A couple friends of mine from the University of Chicago have put together a very nice Hebrew (and Aramaic) Bible for Kindle and eReaders. Drayton Benner is the man behind Miklal Software which put the everything together and H.H.”Chip” Hardy composed the dictionary that accompanies the biblical text.
I have it on my Kindle and it is fantastic–the font is very readable and the book is easily navigable. I’ve even transitioned to using this whenever I’m reading the Old Testament/Hebrew Bible. I still use BHS and BHQ when I am studying a text but I think this eReader has an advantage when what you want to do is read. I often find my eye skipping down to the apparatus of BHS and BHQ because I’m curious to see what the various versions read and I end up loosing my train of thought as I’m reading through a narrative or meditating on a poem. This text, on the other hand, presents the Hebrew (and Aramaic) in a straightforward and non-distracting manner which is perfect for reading.
I could go on and say more about it but Drayton and Chip were kind enough to participate in an interview and fill in some details:
Drayton, tell us a little about yourself and your studies at Chicago.
Drayton: I am an advanced PhD student in Northwest Semitic Philology in the department of Near Eastern Languages and Civilizations at the University of Chicago, studying Hebrew, the Old Testament/Hebrew Bible, and other languages, literatures, and societies of the Ancient Near East. For my dissertation, I am working on the use of sound in Biblical Hebrew poetry, particularly in the Psalms. I am also President ofMiklal Software Solutions. I have a rather unusual background that is a hybrid of biblical studies and software development, both of which I seek to practice at a high level. In terms of software development, my undergraduate work was in mathematics and computer science, and I did mathematical software development full-time for a few years before doing a Master’s degree in Old Testament at Regent College(Vancouver, BC, Canada). I continued doing mathematical software development on the side of my Master’s degree, but when I came to the University of Chicago, I switched to doing Bible software on the side of my studies, combining my interests. I have done a good deal of work for Olive Tree Bible Software, including most of the Hebrew, Aramaic, and Greek work. More recently, I launched Miklal Software Solutions as a platform for a variety of projects involving the Biblical studies, Semitics, and technology.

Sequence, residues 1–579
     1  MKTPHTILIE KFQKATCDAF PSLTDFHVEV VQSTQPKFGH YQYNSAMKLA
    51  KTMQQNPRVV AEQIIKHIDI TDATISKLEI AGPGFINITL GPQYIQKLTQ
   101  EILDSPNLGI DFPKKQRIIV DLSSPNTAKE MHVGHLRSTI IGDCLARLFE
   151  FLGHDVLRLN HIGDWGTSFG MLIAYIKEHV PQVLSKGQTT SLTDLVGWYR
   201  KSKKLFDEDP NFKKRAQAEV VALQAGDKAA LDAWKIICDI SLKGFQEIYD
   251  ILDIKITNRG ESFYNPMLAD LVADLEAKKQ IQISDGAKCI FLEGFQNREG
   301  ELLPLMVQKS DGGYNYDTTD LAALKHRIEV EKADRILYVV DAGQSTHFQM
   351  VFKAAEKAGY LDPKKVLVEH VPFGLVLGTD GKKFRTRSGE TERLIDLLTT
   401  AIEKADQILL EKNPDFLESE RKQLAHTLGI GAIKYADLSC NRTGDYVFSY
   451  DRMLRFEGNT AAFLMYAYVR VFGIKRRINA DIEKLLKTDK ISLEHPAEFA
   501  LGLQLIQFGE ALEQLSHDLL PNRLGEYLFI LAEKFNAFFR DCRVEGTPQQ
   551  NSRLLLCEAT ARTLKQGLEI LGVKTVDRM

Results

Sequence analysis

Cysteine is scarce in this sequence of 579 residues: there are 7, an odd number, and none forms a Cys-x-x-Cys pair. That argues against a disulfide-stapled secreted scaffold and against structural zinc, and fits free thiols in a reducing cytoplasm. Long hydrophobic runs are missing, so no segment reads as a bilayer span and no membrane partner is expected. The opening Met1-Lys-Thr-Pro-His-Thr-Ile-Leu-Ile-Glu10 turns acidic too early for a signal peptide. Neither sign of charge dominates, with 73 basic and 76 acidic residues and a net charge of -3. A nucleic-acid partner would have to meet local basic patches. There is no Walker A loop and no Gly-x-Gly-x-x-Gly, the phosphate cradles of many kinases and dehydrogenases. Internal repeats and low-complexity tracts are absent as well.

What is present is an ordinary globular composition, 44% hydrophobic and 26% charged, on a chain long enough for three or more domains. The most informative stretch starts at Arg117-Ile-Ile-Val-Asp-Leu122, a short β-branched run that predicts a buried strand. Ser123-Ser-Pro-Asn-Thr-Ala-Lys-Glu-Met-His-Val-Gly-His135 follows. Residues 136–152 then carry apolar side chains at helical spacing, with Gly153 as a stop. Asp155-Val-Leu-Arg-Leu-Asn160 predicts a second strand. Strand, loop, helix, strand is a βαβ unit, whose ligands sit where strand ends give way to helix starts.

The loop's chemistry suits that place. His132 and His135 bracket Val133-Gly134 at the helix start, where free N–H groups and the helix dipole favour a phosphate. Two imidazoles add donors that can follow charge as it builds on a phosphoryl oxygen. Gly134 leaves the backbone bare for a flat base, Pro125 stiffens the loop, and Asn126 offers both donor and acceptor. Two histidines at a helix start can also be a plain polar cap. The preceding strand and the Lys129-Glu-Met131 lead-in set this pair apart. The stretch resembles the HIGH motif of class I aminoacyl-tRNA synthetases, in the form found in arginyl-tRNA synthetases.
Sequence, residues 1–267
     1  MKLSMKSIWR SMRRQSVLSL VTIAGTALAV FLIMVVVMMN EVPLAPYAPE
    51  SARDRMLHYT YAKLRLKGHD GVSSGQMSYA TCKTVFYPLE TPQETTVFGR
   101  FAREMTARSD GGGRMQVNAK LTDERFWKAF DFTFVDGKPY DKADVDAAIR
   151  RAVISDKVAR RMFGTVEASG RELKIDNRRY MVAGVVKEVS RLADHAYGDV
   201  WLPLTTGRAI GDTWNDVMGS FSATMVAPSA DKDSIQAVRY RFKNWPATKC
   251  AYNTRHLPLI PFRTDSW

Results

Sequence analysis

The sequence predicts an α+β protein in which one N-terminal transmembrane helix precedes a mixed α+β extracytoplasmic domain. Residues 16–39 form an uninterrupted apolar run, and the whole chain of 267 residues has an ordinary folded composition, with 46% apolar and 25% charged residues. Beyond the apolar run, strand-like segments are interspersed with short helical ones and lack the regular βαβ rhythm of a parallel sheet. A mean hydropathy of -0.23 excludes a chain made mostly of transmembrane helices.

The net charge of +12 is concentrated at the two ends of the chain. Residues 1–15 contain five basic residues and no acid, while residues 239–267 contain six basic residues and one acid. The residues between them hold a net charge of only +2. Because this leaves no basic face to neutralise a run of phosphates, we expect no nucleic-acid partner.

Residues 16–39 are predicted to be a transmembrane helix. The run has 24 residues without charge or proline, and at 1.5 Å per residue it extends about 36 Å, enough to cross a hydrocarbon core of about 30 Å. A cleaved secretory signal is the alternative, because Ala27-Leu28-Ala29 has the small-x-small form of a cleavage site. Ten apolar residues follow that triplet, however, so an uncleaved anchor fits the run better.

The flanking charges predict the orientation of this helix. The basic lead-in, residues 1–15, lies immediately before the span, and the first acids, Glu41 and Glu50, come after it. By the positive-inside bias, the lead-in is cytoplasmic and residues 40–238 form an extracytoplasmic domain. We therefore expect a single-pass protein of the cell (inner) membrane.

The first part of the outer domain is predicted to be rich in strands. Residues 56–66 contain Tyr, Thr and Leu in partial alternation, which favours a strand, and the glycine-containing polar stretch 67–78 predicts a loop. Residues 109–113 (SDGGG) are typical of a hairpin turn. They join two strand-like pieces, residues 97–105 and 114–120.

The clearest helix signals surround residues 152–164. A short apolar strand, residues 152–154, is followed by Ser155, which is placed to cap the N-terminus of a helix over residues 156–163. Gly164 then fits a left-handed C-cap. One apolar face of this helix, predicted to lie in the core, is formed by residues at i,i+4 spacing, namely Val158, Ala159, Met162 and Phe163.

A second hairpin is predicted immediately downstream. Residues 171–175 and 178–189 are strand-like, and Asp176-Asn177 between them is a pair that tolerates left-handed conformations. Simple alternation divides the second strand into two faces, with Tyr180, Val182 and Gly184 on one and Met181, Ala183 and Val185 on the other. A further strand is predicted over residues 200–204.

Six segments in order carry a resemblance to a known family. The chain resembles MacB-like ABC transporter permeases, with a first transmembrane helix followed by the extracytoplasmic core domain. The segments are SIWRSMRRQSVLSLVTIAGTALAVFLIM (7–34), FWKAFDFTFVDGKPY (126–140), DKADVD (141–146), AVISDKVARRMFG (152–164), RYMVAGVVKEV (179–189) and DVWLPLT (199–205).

What made you want to produce a version of the Hebrew Bible for Kindle?
Drayton: I assume that my experience with e-books is at least somewhat representative. There are some books I still like to have in print form because I am faster at taking notes on the physical book than I am with e-books. However, with reference books and many other books, I love to have them available in electronic formats for two main reasons: efficiency and accessibility. I can do my work much faster if I have the resources I need in electronic form. My physical books are spread out between my apartment and my locker at the main library on campus. The university’s more extensive resources are spread out between a main campus library and my department’s library, and the main campus library is massive. Having books, especially reference works, in electronic form means I don’t have to carry so many books with me, I don’t have to walk across campus or wait until I get to school (or home) to briefly check a reference work, and I can get to the right spot in the book rapidly. Moreover, I can have my Kindle by my side as I study in the library (especially in the library where the lighting is too bright to comfortably look at a computer screen all day), bring it to church and check the Hebrew during the sermon, or even bring it to the beach on vacation.